The red carpet is rolled out. The paparazzi’s camera flashes are going off. Actors and movie producers are walking the carpet to enter the venue. It may sound like the Academy Awards, but it’s actually the Kingman International Film Festival.
Local filmmakers, Brian Brown and Victoria Remus combined forces to bring the city of Kingman a film festival. They have both worked previously with the Laughlin International Film Festival but decided to bring the experience home to Kingman.
“We want to bring something to the community and really embrace filmmaking,” Brown said.
The festival is bringing out the whole Hollywood movie experience to Kingman. Brown says the festival organizers are having photographers, a backdrop and interviews on the red carpet.
“We’re going to try to make it as classy and high-end as we can,” Brown said. “A lot of people don’t get to experience that.”
The festival is a way to bring learning opportunities about the film industry to children or even adults that are interested in film, Brown said. Once children are exposed to film it can be a career they would want to pursue.
“If we can motivate someone, just a little bit at that age, even if they’re in junior high or high school,” Brown said. “(It’s) just a helping hand to someone to realize their dream and their career.”
Eight films will be showing from different countries like Cyprus, Japan and Germany as well as from all over the United States. Films such as “The Terminizer Zero,” “The Love Suckers,” “Western Jubilee: Keeping Cowboy Music Alive” and other films. The films selected for the festival are from different genres such as comedy, crime and experimental.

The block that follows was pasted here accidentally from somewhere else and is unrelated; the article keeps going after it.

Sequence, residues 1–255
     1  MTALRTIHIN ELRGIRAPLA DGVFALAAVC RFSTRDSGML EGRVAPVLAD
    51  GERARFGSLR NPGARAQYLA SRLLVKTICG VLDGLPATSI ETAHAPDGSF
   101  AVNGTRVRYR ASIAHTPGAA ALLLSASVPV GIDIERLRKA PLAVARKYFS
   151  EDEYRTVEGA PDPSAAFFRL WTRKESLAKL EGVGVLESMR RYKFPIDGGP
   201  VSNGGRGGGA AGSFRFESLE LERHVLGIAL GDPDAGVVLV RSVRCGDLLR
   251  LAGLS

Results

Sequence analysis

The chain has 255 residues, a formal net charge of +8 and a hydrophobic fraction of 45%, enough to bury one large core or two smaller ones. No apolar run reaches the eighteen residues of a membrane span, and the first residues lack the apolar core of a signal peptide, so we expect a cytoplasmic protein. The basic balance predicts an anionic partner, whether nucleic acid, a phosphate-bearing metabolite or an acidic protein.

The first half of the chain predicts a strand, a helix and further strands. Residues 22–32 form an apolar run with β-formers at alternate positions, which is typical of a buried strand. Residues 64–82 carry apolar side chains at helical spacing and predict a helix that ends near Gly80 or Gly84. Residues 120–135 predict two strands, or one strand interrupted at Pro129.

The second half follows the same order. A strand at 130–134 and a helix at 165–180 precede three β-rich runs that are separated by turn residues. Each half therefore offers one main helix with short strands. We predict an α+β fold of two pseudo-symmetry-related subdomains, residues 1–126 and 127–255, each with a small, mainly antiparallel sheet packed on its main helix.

“These are indie (independent) films, so they’re not on Netflix,” Brown said. “It’s the one chance to see these great films.”
“Ultra Low” is one of the films that will be featured at the festival. The film is a unique narrative that takes an unorthodox approach to a classic adventure by placing the real people who lived the story into the film, said director of “Ultra Low” Nicholas Gyeney.
“For an independent filmmaker, getting into quality film festivals can mean everything,” Gyeney said.
The movie stars, Lauren Holly (“Dumb & Dumber”), Tami Stronach (“The Neverending Story”), and Yuji Okumoto (“Karate Kid II”).
“Ultra Low hopes to be a film to inspire filmmakers and artists everywhere who might be feeling a little low on hope as they quest toward their dream,” Gyeney said.
“The Terminizer Zero” is a mix of different genres. It’s a science fiction, fantasy and action movie or what Director JP Frydrych calls a “scifantaction” movie. Frydrych came up with the name because most film festivals only let you pick a certain amount of genres.
“It’s always very humbling and exciting to have a film accepted in a festival. My entire team is very grateful for being selected,” Frydrych said.
“The Terminizer Zero” is a comedy and a buddy film. The main plot is about a killer robot and his friend that happens to be a talking blueberry pie.
The red carpet rolls out at 6 p.m. and the films start at 7 p.m. March 24 at Black Bridge Brewery (421 Beale Street). Tickets will be sold at the door for $10, and $5 for students. Anyone under the age of 21 must be accompanied by an adult.